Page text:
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Until 2 months ago I was in the best shape I had been in over a decade. My gym closing was a small setback but the big issue now is my left arm. I tore a tendon in my elbow in late march and it’s really limiting what I can do. It hurts to hold any weight in it. I’m looking for the best workout I can get under the circumstances. I assume it would primarily be core and lower body. Does anybody know where I could find a complete 1 arm workout?

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  • It’s very frustrating when someone gives negative marks without explanation. Do you have something you would like to add or are you just trolling the forum?
    – mreff555
    May 13 '20 at 22:50
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    Regrettably, there are people trolling the forum, arbitrarily down-voting both questions and answers. And yes, it is very frustrating.
    – POD
    May 16 '20 at 19:50
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The good news is that about half the neural development that you get on one side is theoretically transferable to the other, even if you do not so much as touch a dumbbell with the injured arm.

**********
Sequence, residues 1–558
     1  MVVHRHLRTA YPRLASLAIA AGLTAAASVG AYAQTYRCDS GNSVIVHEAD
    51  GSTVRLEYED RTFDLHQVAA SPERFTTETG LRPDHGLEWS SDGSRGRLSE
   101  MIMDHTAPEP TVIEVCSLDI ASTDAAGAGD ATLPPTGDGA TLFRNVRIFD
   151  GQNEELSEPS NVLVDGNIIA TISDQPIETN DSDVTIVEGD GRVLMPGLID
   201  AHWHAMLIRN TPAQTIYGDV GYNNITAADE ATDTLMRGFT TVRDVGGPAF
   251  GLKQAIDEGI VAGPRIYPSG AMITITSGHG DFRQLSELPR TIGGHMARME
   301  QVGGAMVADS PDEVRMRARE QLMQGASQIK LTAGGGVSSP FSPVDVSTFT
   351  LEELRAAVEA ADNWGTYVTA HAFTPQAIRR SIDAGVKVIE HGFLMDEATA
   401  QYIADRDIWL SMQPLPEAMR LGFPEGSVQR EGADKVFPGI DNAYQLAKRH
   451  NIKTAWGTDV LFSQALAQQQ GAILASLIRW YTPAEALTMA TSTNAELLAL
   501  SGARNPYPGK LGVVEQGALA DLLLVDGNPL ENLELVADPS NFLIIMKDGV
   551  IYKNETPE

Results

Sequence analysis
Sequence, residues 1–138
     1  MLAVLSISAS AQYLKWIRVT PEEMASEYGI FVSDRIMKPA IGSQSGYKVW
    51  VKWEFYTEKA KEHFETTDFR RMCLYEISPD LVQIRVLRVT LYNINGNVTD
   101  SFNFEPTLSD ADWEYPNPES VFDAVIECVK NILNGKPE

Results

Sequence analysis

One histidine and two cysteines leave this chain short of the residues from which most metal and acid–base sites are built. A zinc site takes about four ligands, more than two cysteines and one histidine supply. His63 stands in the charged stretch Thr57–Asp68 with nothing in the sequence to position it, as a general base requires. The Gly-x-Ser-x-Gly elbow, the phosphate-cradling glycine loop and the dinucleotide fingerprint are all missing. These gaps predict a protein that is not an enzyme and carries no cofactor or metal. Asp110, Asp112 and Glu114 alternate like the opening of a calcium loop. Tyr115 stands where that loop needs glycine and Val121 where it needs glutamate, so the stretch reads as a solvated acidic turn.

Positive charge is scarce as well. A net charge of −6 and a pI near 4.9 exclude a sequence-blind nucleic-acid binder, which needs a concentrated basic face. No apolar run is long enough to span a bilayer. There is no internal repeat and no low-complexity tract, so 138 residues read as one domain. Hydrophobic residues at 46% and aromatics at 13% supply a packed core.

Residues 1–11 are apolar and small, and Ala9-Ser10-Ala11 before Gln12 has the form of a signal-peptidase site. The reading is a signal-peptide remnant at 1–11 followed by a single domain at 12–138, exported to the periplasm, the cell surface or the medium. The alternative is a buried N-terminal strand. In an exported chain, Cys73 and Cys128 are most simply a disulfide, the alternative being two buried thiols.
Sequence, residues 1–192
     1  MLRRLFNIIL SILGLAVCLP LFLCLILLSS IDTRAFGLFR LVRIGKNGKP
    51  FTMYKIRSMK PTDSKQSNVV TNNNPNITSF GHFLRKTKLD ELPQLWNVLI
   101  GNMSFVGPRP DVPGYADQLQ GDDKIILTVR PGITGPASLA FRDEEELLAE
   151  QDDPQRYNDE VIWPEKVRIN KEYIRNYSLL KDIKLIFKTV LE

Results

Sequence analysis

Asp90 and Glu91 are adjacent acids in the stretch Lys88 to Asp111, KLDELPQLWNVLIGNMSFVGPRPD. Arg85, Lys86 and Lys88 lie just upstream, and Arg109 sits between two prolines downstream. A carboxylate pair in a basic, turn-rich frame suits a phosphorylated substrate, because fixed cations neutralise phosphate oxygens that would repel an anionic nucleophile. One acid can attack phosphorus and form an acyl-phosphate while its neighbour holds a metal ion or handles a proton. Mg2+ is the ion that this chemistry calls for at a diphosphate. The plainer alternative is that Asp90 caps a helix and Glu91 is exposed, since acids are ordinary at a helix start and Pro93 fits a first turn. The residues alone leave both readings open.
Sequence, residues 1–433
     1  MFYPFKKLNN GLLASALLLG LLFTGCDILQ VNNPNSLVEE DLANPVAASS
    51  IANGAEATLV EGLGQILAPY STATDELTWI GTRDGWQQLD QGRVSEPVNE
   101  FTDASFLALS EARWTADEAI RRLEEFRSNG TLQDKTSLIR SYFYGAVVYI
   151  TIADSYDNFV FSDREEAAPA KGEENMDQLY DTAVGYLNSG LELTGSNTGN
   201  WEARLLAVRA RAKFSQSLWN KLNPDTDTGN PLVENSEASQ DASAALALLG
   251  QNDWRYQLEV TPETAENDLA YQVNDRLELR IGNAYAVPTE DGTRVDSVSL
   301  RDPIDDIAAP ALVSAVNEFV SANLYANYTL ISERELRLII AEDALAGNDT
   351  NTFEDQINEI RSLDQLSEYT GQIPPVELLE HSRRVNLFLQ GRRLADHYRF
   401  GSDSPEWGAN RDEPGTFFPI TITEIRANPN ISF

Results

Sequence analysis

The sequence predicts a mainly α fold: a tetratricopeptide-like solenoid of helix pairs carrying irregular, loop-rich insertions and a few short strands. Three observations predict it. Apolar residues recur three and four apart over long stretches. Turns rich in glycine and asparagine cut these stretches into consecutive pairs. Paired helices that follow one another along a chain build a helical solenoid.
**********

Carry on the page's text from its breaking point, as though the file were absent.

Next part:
With that in mind, this is a perfect opportunity to focus on those single-arm variations of exercises that most of us avoid either because they are technically more difficult, or because of time constraints. Just be careful to avoid those that require the opposing arm to stabilise the body.

I know of no specific training programme for people in your situation, but I would begin with dumbbell variations of all of the primary lifts. These might include any or all of the following:

Pulls: single-arm (D/B) bent-over row; single arm (D/B or K/B) upright row; D/B power clean

Presses: single-arm (D/B) press, push-press, or push-jerk; single-arm push-up graded on Smith Machine, or other elevated platform; single-arm (D/B) chest press, preferably on S/B

Full-body: D/B squat, with D/B resting on shoulder; D/B dead lift; D/B snatch

Isolated: D/B bicep curls, hammer curls, or screw curls; D/B overhead tricep extension; single-arm (D/B) pull-over

There are, of course, an infinite number of exercises and variations that you might try. However, this all comes with a very important word of caution: such unilateral development can lead to considerable muscular and structural imbalance. I strongly recommend working with a good physiotherapist, and to resume some form of multilateral training as soon as it is safe to do so. Furthermore, particular effort should be taken after full recovery to balance out the muscles through a regimen of stretching and strengthening, lest they lead to problems in the long term.

I hope that helps.

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